Africa’s eLibrary To Be Relaunched This Month – Get Your Theses Abstracts, Projects And More Archived Online

Africa’s eLibrary To Be Relaunched This Month – Get Your Theses Abstracts, Projects And More Archived Online

[In simple words; we accept to host (FREE) all theses, dissertations or projects from African tertiary institutions to promote our students and their ideas globally]

 

Africans delight on their oral tradition of folklores. In many African villages, boys and girls gather around their elders to listen to stories of hope, imagination, bravery and justice. These students of culture are expected to pass that tradition to newer generations. For many centuries, Africans have lived that life- a life of ‘more talking, no writing’. It helped shaped family values and embedded the spirit of service and honor.

 

For generations, except Ethiopians, no African culture or nation was able to develop an indigenous way of writing.  Contracts were executed with words, marriages were concluded with words, lands were sold with words, and indeed all was about the memory of the human species. When neighbors disagree over land, an arbiter would come in to settle the disputes by telling stories his own parents or elders had passed to him.

 

Typically, Africans talk a lot. That was the tradition. It has remained like that and will be the same for many generations to come. While the western world works hard to document on black and white or in modern times on bytes and bits, we still do not bother. Many African universities have no organized way of processing massive data or ideas that emanate from their students theses/projects/dissertations.  Last year, while visiting Nigeria, we were unlucky to witness more than 800 student dissertations being burnt.

 

We wanted to know what motivated that decision. We were told that it was a tradition; space has to be made for the next academic documents.  Few of those documents made it to the university library. Years after years, we are burning ideas that can unlock the future of better harvest, and curing diseases that corporations think make no economic sense to invest resources. (In this world, if a disease is not suffered by the Westerners, the big Pharma corporations see no major benefit to invest on their R&D since it will not generate lots of profit. Why make drugs for people that cannot afford them?  So for the cholera or TB, not many thoughts get into them in the big Pharma meetings).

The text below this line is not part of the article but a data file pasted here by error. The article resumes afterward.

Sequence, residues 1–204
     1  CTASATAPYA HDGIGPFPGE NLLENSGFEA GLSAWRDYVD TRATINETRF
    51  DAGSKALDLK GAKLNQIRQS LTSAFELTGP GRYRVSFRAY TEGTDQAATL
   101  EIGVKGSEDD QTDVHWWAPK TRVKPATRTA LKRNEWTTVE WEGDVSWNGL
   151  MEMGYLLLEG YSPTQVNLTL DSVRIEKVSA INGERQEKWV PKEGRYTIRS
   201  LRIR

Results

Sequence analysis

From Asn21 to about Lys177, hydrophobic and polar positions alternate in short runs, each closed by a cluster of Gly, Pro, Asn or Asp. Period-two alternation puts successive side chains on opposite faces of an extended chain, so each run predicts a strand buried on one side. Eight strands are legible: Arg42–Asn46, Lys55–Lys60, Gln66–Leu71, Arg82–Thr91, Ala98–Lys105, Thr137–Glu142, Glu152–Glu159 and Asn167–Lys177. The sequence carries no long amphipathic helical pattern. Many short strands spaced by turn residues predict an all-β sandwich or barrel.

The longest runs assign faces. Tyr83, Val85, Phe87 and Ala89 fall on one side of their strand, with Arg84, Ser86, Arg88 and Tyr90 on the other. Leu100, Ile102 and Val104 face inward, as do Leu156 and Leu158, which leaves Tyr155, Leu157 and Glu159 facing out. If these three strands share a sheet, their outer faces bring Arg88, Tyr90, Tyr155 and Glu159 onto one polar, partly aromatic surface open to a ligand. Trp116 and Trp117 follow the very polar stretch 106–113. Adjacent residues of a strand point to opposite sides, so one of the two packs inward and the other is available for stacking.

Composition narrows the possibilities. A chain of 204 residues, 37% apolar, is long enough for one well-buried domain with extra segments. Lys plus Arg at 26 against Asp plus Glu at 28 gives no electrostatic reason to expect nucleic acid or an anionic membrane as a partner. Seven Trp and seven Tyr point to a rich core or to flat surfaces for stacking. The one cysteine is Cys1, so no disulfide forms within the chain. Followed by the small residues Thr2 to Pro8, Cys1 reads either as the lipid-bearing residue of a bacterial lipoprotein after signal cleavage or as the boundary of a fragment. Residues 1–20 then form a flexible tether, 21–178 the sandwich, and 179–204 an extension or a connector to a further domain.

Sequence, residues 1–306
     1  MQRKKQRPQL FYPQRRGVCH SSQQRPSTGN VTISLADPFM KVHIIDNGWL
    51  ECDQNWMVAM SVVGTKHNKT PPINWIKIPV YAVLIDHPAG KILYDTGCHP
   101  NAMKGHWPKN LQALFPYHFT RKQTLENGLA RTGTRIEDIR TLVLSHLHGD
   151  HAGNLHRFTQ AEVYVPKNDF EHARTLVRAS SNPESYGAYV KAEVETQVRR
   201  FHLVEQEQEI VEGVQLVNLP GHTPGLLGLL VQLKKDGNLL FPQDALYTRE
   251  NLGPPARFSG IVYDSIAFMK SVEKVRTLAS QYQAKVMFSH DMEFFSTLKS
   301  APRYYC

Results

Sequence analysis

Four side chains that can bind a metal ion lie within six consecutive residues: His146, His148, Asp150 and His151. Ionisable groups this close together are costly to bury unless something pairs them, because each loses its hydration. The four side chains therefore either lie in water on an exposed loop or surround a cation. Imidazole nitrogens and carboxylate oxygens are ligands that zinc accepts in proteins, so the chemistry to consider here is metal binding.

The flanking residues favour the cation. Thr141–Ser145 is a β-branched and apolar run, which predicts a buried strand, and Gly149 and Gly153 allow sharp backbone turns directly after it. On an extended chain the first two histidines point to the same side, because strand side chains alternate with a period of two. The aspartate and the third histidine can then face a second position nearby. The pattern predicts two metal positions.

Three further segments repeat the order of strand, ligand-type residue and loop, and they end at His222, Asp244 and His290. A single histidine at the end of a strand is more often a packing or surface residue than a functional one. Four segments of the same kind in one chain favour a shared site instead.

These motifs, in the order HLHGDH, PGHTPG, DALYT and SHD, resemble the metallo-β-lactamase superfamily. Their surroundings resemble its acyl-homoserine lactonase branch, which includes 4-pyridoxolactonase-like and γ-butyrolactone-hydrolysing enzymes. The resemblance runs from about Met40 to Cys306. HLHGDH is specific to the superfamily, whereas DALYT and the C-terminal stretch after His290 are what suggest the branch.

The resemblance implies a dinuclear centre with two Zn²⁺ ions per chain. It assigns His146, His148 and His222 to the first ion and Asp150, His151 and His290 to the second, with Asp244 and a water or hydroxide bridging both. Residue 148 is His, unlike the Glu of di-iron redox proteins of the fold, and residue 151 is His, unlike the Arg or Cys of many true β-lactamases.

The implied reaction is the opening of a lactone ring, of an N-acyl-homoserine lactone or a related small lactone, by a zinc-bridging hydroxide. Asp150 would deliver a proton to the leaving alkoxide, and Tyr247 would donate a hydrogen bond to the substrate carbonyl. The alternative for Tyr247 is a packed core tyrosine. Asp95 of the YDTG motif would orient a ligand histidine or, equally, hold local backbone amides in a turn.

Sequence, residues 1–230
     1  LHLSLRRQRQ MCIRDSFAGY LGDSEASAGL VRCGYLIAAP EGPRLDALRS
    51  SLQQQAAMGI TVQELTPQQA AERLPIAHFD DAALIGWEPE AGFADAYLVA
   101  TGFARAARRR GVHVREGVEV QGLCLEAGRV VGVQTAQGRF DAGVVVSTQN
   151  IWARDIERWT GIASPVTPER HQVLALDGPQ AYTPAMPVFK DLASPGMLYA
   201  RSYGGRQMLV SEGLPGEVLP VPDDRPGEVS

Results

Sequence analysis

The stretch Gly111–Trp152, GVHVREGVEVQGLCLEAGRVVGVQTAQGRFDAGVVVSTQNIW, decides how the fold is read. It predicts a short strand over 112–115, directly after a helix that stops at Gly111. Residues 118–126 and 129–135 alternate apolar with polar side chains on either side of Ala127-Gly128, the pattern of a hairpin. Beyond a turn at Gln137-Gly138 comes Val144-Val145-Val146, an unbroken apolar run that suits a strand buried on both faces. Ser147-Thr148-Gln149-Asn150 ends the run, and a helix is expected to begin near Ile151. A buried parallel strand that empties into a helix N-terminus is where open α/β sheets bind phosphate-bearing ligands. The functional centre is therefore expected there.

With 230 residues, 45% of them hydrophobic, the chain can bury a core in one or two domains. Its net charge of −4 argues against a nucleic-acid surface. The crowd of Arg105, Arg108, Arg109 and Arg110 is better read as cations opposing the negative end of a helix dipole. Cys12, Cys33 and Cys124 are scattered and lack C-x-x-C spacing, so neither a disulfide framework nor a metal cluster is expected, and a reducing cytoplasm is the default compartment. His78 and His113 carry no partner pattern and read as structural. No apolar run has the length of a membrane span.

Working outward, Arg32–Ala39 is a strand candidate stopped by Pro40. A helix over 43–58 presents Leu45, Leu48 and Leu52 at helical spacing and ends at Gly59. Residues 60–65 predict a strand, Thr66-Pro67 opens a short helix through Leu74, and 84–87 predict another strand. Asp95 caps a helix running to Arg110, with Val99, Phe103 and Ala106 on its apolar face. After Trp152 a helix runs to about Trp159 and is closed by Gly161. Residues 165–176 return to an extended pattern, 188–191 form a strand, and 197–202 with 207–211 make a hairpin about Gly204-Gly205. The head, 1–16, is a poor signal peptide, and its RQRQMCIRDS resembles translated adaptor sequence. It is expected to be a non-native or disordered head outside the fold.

Strange as it may seem, but that is the reality of many African schools where we run round in cycles wasting time without making progress. When you destroy your progress, you have to repeat it. Instead of preserving legacies which can be built upon, we have students solving a problem someone that graduated a year before had solved. With no means of sharing data or documenting these works, innovation suffers.

 

Besides, it hurts the students because they spend money to recreate processes which had been validated a few years ago.  It brings a tradition of constantly managing crises without a process to envision bold world changing ideas. They deprive the schools opportunities to attract funding because no one knows what they do.  They are rarely published because local conferences are not common.
Now a portal is ready for this, courtesy of Fasmicro and AFRIT. We are launching it in coming days. We have launched it in the past but killed it because of capacity issues. Now, it is for real.

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